BELLE CHASSE, La. – BELLE CHASSE, La. (AP) — Billy Nungesser, a rotund and feisty millionaire-turned-politician from Louisiana's bayou, hasn't been afraid of taking on everyone from big oil to big government since crude started washing up on his coast.
The blunt-spoken president of oil-soaked Plaquemines Parish has been the voice of thousands of coastal residents, his sometimes unpolished demeanor capturing their angst. His voice has often echoed across the Gulf louder than bigger power players — Gov. Bobby Jindal, Sen. Mary Landrieu and Sen. David Vitter among them.
When the National Oceanic and Atmospheric Administration missed the mark predicting where oil from the massive Gulf of Mexico spill would go, he didn't hide his anger. The agency "should know when a snail farts with all the crap they have in Washington," he bellowed.
Nungesser, 51, has said the federal government's point man, Coast Guard Adm. Thad Allen, isn't the right man for cleaning up the massive oil spill in the Gulf of Mexico. He suggested President Barack Obama scrap the team he has working on the mess set off by a drilling rig explosion April 20.
And BP PLC chief executive Tony Hayward was "lucky he got out of here alive" when he came to Louisiana and denied large oil plumes were lurking beneath the Gulf, he said.
He's criticized the response from BP and the federal government as being too slow, and testified during a congressional hearing: "I have spent more time fighting the officials of BP and the Coast Guard than fighting the oil."
It's a message that has resonated across the region.
"He has been one of the true local government leaders. He's articulated in true Louisiana fashion the concerns of his constituents to BP and the federal government," said Escambia County, Fla., Commissioner Gene Valentino.
Mike Strohmeyer, the owner of Lighthouse Lodge in Venice, La., called Nungesser a "political fisherman."
"He's up before the sun comes up and he's working when the sun goes down," Strohmeyer said. "He's like the Energizer bunny."
The White House and Allen's spokesman declined to comment about Nungesser, but it's clear their partnership has been testy.
The day after Nungesser called for Allen's ouster, the admiral showed up at Myrtle Grove Marina in Plaquemines. Nungesser was not there; his staff said he was sick.
Indeed, history shows disasters can strain relationships and make or break a leader.
Mississippi Gov. Haley Barbour was praised for his leadership after Hurricane Katrina struck in August 2005, but Louisiana Gov. Kathleen Blanco was seen as ineffective and didn't seek a second term.
Plaquemines, a sliver of delta dirt near the mouth of the Mississippi River south of New Orleans, is neither well-known nor well-populated.
It's a place where families of fishermen live next door to oil patch workers. It's also where the BP oil first made landfall.
Nungesser, a Republican who built his fortune in the oil service industry, has little to lose in his dust-ups with spill bureaucrats. He could retire quietly to his sprawling mansion, or devote time to a horsemanship program he founded for physically and mentally challenged people.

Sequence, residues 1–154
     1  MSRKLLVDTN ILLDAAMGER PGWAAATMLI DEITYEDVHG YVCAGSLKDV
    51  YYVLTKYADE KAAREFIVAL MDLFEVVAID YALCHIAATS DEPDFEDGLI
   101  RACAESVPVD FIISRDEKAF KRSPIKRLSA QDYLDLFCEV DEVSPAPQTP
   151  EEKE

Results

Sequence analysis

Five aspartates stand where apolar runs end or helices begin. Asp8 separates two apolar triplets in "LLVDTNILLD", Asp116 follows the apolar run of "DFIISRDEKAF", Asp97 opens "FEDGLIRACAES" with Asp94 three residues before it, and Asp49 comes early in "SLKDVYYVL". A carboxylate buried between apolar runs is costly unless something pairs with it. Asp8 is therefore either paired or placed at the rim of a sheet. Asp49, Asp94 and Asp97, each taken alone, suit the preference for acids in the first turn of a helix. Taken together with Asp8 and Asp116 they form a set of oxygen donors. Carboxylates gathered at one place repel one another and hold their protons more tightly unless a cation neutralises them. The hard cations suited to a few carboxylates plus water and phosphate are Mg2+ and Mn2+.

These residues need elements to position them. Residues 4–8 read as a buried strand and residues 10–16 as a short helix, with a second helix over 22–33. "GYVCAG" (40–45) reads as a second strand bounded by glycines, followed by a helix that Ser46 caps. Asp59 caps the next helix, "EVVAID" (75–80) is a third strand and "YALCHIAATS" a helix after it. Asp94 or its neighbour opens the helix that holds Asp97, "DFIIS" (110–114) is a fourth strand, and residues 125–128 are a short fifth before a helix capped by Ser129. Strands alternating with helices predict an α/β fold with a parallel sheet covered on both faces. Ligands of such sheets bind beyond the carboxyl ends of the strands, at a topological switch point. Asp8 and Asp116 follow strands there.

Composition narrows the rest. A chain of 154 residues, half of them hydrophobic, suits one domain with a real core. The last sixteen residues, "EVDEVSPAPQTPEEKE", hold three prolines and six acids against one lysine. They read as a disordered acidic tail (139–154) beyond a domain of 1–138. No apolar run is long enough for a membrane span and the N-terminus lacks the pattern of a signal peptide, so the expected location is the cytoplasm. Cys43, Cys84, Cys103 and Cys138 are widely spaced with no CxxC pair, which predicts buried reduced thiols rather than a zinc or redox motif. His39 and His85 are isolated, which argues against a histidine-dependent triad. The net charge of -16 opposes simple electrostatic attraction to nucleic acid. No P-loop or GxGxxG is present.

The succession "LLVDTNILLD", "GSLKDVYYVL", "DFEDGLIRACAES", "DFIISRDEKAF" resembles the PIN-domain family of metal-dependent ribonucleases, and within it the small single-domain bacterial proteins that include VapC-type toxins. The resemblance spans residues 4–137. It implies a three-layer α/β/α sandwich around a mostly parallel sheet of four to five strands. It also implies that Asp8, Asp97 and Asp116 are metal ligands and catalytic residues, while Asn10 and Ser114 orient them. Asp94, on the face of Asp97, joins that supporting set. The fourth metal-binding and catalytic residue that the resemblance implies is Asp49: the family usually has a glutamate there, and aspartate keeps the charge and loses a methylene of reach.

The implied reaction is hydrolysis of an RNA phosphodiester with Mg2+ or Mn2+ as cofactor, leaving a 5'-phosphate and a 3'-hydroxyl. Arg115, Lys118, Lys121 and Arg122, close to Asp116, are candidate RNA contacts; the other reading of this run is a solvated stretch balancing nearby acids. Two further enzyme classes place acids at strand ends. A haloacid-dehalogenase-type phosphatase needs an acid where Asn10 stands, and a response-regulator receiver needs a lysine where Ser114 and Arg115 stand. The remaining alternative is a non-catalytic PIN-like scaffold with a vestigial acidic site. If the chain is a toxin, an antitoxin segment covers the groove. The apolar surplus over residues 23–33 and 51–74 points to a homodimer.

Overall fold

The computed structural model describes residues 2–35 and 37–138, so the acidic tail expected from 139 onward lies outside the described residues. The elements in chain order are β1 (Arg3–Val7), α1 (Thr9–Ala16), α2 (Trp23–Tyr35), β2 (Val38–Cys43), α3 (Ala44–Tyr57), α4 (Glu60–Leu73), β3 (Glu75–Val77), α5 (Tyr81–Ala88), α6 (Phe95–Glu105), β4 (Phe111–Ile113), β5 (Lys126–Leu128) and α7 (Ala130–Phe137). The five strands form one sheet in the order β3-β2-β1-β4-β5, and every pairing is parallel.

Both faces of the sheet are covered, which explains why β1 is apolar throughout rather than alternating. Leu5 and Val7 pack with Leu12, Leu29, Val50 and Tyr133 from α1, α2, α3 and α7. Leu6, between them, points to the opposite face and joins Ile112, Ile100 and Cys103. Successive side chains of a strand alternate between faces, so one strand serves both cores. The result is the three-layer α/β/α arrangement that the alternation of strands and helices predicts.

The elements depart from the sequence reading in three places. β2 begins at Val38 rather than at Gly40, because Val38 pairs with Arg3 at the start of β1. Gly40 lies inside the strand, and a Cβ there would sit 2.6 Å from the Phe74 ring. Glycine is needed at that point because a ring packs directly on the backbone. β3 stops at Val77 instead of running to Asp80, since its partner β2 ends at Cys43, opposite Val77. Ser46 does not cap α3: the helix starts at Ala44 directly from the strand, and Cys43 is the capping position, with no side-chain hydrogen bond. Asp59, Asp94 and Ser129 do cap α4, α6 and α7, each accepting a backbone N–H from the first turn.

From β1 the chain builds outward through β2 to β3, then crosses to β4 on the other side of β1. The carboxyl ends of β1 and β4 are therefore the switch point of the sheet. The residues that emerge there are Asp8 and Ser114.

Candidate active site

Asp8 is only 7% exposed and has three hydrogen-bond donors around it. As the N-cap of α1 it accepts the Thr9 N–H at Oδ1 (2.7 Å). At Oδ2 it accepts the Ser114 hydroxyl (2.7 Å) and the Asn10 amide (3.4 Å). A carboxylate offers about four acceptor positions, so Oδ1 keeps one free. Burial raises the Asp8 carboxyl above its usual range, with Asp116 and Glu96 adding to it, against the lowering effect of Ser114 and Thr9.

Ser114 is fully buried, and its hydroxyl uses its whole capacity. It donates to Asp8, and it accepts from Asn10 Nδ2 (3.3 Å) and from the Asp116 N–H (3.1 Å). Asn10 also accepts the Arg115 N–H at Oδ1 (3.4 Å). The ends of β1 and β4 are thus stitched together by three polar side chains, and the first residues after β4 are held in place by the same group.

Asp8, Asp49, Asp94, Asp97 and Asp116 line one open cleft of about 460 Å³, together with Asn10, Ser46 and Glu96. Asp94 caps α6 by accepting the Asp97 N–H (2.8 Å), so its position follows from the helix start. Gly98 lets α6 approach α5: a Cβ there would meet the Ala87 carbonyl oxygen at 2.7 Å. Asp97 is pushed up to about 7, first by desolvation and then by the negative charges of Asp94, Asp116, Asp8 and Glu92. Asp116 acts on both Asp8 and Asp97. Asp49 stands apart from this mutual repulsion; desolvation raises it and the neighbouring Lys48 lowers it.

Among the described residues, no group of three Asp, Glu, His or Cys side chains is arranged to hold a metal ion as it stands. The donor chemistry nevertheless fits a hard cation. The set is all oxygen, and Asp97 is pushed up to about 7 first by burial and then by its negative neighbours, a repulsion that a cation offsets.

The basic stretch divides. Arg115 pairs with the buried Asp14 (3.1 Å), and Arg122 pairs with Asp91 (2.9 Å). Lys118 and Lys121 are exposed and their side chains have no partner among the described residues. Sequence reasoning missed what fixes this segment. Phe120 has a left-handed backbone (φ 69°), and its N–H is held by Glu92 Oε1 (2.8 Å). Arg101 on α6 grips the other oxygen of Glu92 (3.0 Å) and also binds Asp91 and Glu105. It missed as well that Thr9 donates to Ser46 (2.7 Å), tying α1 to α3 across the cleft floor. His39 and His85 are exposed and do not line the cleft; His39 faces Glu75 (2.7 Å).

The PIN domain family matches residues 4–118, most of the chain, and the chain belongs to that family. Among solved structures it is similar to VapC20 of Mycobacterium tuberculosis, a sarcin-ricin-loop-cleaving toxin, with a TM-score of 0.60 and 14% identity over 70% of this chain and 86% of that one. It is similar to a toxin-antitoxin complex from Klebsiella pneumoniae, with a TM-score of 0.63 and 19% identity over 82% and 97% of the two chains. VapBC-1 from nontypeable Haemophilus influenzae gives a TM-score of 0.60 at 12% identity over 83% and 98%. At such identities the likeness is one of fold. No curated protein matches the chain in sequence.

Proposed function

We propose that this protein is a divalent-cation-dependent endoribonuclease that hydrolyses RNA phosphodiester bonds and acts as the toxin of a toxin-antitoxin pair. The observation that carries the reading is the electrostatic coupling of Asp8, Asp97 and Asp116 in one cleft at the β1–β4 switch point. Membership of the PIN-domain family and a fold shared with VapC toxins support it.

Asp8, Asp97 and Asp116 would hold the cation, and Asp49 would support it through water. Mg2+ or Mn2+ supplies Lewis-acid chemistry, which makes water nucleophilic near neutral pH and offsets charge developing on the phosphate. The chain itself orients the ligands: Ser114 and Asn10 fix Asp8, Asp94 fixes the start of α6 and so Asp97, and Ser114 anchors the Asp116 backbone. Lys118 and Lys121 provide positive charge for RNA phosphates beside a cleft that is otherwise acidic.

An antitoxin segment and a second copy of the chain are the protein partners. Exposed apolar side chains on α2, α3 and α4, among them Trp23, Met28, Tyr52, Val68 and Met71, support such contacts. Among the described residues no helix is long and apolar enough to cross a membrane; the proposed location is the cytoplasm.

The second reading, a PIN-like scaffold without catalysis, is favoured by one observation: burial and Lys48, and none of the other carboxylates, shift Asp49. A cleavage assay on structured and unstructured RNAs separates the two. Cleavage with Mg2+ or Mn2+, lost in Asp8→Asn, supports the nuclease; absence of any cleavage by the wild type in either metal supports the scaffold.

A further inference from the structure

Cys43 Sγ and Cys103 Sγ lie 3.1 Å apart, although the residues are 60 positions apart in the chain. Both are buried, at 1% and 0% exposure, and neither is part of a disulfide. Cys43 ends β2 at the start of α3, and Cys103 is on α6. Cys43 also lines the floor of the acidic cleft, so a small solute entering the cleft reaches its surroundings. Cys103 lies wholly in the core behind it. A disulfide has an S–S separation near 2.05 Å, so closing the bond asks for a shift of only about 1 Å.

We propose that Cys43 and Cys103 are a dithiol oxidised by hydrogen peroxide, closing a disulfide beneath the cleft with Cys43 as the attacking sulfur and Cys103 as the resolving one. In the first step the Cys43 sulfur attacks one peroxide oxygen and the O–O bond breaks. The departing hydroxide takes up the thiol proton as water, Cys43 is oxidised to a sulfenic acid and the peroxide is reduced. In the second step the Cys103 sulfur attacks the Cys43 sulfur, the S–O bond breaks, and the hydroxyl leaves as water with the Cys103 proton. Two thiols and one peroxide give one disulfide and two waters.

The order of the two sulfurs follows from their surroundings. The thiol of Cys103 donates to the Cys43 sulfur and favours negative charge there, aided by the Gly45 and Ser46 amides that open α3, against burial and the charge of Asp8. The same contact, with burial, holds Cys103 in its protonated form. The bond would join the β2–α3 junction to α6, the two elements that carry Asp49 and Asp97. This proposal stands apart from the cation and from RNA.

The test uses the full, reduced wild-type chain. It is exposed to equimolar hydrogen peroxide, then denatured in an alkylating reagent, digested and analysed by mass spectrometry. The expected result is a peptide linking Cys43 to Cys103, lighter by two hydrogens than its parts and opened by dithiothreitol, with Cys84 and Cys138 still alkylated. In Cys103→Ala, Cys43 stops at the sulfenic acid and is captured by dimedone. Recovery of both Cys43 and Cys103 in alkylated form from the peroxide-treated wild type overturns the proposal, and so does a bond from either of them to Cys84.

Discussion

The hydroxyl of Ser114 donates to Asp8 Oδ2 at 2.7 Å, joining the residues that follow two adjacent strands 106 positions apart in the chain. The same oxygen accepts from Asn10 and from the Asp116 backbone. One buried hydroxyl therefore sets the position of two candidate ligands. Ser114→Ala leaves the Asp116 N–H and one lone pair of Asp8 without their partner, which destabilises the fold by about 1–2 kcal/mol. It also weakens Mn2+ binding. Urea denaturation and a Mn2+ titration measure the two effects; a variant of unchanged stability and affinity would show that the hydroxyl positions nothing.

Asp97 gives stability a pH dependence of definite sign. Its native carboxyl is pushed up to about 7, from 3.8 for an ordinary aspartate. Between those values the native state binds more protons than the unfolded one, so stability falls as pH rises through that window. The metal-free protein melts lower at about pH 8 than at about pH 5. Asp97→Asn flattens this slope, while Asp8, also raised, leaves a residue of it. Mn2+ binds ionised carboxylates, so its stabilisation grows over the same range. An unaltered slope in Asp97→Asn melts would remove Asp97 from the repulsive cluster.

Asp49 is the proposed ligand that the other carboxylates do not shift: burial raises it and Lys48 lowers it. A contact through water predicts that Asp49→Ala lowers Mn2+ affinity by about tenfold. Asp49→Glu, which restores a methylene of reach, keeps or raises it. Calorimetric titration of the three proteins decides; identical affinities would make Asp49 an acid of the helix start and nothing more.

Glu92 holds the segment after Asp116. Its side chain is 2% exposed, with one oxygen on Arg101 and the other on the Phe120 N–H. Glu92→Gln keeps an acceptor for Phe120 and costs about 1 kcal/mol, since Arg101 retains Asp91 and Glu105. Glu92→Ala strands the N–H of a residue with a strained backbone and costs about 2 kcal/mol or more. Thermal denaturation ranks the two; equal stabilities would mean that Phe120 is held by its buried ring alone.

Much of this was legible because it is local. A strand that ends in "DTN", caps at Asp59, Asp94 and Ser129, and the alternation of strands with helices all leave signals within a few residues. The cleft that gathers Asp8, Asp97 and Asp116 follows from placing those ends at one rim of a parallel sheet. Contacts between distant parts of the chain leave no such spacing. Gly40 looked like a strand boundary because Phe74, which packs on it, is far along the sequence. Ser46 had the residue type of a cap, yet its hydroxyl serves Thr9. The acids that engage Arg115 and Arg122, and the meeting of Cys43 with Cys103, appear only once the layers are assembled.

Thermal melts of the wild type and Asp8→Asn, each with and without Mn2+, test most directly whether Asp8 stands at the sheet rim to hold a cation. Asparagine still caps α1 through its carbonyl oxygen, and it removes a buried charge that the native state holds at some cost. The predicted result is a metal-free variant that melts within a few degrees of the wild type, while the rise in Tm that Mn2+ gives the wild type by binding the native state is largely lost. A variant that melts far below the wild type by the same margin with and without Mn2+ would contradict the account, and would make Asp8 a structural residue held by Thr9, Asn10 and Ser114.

He does have critics, though, like Rocky Ditcharo. The shrimp dock owner from Buras was concerned that Nungesser is part-owner of a marina used as a staging area for oil response workers.
He knows Myrtle Grove Marina may be the closest point from which workers can get to the oil and has open spaces for staging equipment. That doesn't matter to him.
"BP's got to realize that you can't give a contract to an elected official," Ditcharo said.
Other Plaquemines residents don't see it that way.
Bob Boudet, 67, said no other local marina could accommodate such a large operation.
"It was a no-brainer," Boudet said.
Nungesser said he had no knowledge of the deal because his financial interests are in a blind trust. All he said he's asked BP for is "to prevent the oil from killing our marsh."
Long before running for office, Nungesser made money in offshore catering after a couple of semesters at Louisiana State University and the University of New Orleans.
He hit it big in the 1990s when he started a company to convert metal shipping containers into living quarters for offshore workers. General Marine Leasing Co. reached $20 million in annual sales before Nungesser sold his stake and made millions.
Politics also is in his blood. Nungesser's father was chief of staff for former Louisiana Gov. David Treen in the 1980s. The younger Nungesser's office is adorned with pictures of him and former presidents Ronald Reagan, George H.W. Bush and George W. Bush.
Nungesser won election in 2006 in Katrina-shattered Plaquemines. He said the aftermath of the storm was embarrassing, and some parish leaders fled, leaving residents to fend for themselves.
Although he may seek re-election and says some political leaders want him to run for lieutenant governor, the spill consumes him for now. Yet he maintains a sense of humor about it.
His wedding has been put on hold by several disasters, beginning with hurricanes, Nungesser said. A reporter recently asked him if God was trying to tell him something about the engagement.
"Maybe," Nungesser said.
The day Nungesser's fiancee saw the article, there was a bowl of dog food with a fork in it waiting for him on the dinner table.
"I told him he was in the doghouse," said Cher Taffaro, though she says it was all in fun.
"That's the thing about him, he makes everybody laugh," Taffaro said. "He wakes up in the morning happy, singing in the bathroom."
Associated Press writer Melissa Nelson in Pensacola, Fla., contributed to this story.
(This version corrects that Vitter is a senator.)